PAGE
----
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Redistricting Impasse Could Delay Delegate Ballots

January 7, 1992

HARRISBURG (AP) _ An impasse in the Legislature over congressional redistricting is snarling the selection of delegates to next summer’s presidential conventions.

Lawmakers failed to pass a plan to redraw the state’s congressional districts before they went on vacation in mid-December, so would-be delegates don’t know in which districts they should register.

The Legislature convened briefly Tuesday, and action on pending legislation was postponed until lawmakers return to the Capitol on Jan. 21.

But residents wishing to run for a delegate spot have to file statements of candidacy with their parties on Jan. 17. On the Democratic side, the state chairman is required to forward the petitions to presidential candidates on Jan. 22.

Prospective delegates also need 250 signatures from residents registered in their parties. The period for circulating petitions runs from Jan. 28 to Feb. 18.

The reapportionment delay is complicating matters because the parties are required to have a certain number of delegates from each district. William Myrtetus, the state Democratic Party deputy chairman, said he is telling candidates to file in their present districts and just wait for the Legislature to put the new map together.

″We can’t allocate until we know what the districts are,″ he said. ″We’re tap-dancing now. We don’t know what we are finally going to end up with.″

William Boehm, state Election Bureau chairman, said he expects the Legislature to give candidates a breather by extending the filing deadlines when members pass a final map. Lawmakers did the same in 1982 when they were late with a reapportionment plan.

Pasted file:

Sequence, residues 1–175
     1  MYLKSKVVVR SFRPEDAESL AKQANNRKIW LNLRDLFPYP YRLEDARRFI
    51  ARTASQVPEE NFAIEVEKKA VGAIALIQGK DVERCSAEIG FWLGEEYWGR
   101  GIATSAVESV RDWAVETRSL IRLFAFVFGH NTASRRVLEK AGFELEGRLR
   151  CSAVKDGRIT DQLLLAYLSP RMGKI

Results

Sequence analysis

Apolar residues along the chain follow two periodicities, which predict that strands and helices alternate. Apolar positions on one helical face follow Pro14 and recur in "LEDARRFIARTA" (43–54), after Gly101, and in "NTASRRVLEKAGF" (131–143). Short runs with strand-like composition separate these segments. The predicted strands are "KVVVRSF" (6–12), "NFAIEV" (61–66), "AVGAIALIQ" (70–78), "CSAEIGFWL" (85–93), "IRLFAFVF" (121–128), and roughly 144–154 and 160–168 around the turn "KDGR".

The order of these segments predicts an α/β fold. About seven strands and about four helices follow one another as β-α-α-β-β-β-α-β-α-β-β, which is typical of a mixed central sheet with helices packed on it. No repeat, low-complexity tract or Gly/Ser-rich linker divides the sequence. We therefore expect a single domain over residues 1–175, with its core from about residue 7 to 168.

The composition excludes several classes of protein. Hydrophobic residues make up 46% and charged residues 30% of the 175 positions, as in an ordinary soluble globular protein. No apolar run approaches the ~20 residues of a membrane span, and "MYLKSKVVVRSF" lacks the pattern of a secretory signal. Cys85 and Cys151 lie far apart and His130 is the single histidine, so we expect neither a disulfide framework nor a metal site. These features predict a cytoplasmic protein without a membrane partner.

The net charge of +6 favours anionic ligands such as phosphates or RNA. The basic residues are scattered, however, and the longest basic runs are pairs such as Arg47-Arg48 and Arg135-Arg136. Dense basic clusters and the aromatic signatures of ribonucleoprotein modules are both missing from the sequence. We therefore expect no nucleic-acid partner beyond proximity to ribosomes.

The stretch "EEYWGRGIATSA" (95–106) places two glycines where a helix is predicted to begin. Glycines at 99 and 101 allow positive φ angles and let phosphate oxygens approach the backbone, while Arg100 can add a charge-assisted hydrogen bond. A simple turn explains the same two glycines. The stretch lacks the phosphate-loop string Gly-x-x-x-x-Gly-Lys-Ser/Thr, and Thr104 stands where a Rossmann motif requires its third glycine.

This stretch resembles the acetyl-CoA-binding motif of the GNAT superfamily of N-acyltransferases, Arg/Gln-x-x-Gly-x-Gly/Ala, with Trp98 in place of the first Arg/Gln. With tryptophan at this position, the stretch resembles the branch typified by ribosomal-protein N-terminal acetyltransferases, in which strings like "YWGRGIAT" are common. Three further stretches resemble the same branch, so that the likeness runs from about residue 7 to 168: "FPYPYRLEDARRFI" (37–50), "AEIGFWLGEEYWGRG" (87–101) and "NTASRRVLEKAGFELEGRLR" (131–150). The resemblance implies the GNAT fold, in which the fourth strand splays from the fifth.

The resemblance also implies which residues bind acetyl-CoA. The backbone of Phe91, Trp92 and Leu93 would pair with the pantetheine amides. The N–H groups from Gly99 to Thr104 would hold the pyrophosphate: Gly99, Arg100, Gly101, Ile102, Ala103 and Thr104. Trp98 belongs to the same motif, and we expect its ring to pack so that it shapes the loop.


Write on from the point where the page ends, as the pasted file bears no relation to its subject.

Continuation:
But with the deadline changes, Boehm said counties will have less time to prepare between the filings and the April 28 primary.

Because of population losses, Pennsylvania will lose two of its 23 congressional seats. In mid-December, rank-and-file House members rejected a reapportionment proposal supported by the state’s congressional delegation and House Democratic leadership.

Amendments by Democratic Reps. Peter Daley of Washington County and Robert Freeman of Lehigh County upset the plan. A final vote was delayed, and leaders were expected to renew pressure on lawmakers to accept the original bill.

Daley said the leadership’s plan could needlessly defeat Democratic incumbents Austin Murphy of Washington County and Joseph Kolter of Beaver County because of shifts in their districts.

Freeman said the plan slices both the Lehigh Valley and Bucks County into two districts when each deserves to be in its own district, as they are now.

Both lawmakers said they still back their plans and expect the changes to be passed by their colleagues eventually.

A separate proposal has been approved by the Senate Local Government Committee, but the chamber hasn’t dealt with it yet. Steve MacNett, counsel to Senate Republicans, said House and Senate leaders were meeting to work out differences.

″I don’t expect to see any substantive developments before the 21st (of January),″ he said.

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